Chapter 1


The ship rolled over long swells of ocean under a luminous gray sky. A great hurricane was raging more than 250 miles to starboard, and the air was wet with it, even at this distance. And agitated. Sprays of water were ripped from the waves and flung into the growing tropical light—bursts of unbridled freedom. There was a wild beauty to it all, to which the ship was utterly oblivious.

Deep below deck, inside one of its containers, stowaways huddled. They were a young man and woman, recently married, and five days ago, they had committed themselves to this voluntary entombment, along with an aunt and uncle. Women’s apparel filled the twenty-foot-long chamber, a soft cargo that was able to yield space to four bodies with meager possessions, though with great reluctance. Except for the aunt, whose entire work life had been with a cigar maker, all in the family had labored in the sweat shops of their island’s garment industry. That was their common connection to this particular ship—and container.

Perhaps it also explained their folly. Once locked inside this tomb, they found that they were effectively buried alive. They were barely able to move and were in total darkness except for a few flashlights without spare batteries. Not a one of the four stowaways spoke of the dark claustrophobia which was little better than the impoverishment of the life they were fleeing—or of the abject terror that consumed them. It was not their way to complain. Their way was to pull together, each a source of support for the others.

Soon, however, the aunt succumbed to the oppressive heat and, the next day, the uncle. The family had been assured by their contact that the container would be above deck, but he was not speaking the truth. There was no way he could have known that. With hand drill and hacksaw, the stowaways had been able to cut vents in the reinforced walls of the container. This gave them air to breathe, but it was without the wind chill and air circulation that they would have had above deck. The heat in the ship’s cargo hold was suffocating, and because dry-goods containers do not require temperature control, their battle, from day one, had been a losing one.

On this the fifth day, the two survivors were squatting on the makeshift bed that all of them had once shared. They faced each other and held hands to balance themselves against the nauseating motion of the ship. In their exhaustion, they leaned forward and their foreheads touched. Their relatives were now sealed within plastic sheets that had once been garment protection. And that dreadful task had physically and emotionally depleted them. Finally the young woman spoke. “We are on our last water bottle, my husband, and our last flashlight is nearly spent. I feel so weak. I fear for us.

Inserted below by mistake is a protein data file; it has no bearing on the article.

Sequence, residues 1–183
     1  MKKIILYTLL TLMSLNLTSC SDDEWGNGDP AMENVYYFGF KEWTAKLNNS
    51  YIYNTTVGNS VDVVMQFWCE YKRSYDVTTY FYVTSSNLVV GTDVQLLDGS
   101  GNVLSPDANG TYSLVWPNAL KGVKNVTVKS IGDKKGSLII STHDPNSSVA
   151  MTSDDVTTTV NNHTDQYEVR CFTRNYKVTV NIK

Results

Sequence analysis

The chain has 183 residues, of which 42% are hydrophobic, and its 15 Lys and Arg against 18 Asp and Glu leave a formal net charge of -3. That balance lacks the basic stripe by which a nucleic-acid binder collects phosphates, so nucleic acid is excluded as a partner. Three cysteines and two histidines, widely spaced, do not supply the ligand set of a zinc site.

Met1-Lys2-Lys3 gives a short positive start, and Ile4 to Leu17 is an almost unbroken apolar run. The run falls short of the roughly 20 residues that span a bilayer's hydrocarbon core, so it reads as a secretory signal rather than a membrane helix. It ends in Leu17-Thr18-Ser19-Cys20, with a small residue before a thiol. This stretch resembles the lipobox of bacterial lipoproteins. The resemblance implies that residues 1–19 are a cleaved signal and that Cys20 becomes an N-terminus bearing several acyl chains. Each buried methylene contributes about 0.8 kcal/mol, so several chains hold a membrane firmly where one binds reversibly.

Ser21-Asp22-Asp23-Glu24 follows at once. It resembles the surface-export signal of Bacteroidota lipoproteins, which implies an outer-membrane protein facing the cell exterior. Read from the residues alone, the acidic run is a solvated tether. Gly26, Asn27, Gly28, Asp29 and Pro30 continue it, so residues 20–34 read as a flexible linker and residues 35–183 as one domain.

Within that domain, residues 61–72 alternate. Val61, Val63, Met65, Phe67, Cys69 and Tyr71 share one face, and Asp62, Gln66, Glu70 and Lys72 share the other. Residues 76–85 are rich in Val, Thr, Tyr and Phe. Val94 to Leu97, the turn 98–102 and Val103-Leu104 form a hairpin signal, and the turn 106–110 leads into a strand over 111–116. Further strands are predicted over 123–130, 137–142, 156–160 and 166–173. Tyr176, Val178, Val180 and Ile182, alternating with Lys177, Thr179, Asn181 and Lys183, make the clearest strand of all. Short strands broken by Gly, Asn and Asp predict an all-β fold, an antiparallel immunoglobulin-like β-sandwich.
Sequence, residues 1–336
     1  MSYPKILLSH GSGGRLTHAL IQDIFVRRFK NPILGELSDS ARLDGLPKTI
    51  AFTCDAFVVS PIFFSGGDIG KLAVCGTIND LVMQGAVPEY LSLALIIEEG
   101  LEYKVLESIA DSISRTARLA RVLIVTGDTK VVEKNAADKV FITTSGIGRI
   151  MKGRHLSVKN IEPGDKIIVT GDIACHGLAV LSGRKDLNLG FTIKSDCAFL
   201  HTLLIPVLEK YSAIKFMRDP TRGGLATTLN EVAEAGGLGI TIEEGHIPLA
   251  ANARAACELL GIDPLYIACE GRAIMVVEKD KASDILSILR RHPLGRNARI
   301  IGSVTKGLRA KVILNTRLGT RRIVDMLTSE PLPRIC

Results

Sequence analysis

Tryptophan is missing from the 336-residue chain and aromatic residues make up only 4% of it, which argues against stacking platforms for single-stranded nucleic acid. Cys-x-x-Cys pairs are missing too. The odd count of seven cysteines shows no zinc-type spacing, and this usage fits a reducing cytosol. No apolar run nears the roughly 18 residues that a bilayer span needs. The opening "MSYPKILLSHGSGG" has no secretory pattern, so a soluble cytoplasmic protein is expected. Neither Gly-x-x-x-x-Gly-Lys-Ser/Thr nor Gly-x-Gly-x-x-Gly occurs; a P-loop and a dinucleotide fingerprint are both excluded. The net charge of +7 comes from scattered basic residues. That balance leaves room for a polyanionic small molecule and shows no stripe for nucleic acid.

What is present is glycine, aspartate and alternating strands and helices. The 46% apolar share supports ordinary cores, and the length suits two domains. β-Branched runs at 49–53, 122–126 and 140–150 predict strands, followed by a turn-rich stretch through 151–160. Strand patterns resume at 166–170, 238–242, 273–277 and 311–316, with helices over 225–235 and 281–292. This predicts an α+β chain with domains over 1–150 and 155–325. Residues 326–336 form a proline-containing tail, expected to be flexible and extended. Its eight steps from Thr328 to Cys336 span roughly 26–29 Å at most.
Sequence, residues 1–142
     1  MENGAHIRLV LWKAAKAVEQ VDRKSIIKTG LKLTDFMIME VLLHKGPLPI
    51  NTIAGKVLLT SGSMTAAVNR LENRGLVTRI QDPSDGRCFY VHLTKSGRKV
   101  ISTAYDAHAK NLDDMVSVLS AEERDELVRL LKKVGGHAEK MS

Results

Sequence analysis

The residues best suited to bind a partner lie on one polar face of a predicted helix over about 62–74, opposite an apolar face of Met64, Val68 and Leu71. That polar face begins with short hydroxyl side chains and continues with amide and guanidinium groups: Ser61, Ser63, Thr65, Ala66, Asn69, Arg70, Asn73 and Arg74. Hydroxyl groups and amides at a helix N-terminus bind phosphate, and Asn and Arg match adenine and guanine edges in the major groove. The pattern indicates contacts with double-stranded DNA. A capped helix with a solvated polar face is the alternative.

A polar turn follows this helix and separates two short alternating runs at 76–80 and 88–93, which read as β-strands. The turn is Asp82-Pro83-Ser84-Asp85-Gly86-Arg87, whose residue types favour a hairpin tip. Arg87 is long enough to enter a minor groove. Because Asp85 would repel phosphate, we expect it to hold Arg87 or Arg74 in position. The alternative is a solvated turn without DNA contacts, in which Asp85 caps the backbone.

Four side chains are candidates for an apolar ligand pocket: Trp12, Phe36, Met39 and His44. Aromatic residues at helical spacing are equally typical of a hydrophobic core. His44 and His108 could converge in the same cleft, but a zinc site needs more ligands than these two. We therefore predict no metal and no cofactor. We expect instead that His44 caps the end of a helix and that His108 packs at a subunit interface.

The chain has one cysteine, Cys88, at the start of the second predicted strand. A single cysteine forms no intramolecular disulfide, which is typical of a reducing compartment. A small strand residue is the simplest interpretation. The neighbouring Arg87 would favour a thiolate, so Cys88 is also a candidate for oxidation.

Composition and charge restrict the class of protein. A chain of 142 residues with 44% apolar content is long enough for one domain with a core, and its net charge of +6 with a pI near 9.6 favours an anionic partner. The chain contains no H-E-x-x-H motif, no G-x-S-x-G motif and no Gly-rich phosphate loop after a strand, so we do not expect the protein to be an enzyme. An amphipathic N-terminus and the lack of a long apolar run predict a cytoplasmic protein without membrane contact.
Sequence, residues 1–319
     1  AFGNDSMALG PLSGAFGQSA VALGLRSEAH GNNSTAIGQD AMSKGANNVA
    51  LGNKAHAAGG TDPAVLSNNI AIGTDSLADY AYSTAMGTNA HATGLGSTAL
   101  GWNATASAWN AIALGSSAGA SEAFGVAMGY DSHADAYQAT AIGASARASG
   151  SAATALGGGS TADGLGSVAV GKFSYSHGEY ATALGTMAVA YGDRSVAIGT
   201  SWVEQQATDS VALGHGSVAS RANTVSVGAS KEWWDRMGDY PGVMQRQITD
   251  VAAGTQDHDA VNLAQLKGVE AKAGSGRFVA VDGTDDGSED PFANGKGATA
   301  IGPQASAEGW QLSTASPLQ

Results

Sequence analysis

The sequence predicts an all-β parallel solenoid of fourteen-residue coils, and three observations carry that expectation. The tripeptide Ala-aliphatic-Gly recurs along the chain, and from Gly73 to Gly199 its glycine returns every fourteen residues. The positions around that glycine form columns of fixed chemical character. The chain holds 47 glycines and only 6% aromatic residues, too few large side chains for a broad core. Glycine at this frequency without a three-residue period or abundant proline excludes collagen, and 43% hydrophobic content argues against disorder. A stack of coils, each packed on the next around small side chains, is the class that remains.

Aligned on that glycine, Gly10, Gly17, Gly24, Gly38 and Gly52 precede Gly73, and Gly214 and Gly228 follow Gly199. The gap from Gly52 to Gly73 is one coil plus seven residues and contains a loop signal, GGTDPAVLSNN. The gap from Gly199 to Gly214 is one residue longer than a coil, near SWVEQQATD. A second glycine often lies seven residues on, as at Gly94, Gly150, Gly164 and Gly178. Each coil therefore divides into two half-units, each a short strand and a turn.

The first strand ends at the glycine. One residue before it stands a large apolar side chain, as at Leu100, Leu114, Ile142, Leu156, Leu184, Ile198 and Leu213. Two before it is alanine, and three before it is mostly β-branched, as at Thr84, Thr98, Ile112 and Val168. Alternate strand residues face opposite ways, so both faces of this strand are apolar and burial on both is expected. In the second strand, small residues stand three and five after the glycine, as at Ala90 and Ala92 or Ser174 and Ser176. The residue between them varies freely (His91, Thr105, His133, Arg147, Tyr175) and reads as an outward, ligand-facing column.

“I know, my Livia, but remember our old life. We want so much more than that. Think of our new island . . . a most excellent place . . . where we can grow . . . and thrive. Rest now . . .” Still holding hands, they lowered their bodies.

The next day, the ship’s rolling had lessened. Lying on their backs now, the couple could hear the beating of the diesel engines, the heart of the beast whose belly they were in. The young man spoke into the darkness. “I should not have trusted that man. He took our money and deceived us. We were supposed to be safe. I have failed you, my wife, and I have failed our family.”

She did not answer. But then, “You did not fail us, husband. Our dream island . . . filled with hope . . . ” and her voice trailed off. Until finally, “It was worth it, my Angel. Yes, it is worth it, Angel Ramos.”

He was beyond hearing, and she feared it was too late—for both of them. But had there been light, she would have seen the trace of a smile remaining in the corners of his mouth. He was far away now, dreaming of another place, a place of unlimited opportunity—and unbridled freedom. It was a place of excellence—unsurpassed excellence.


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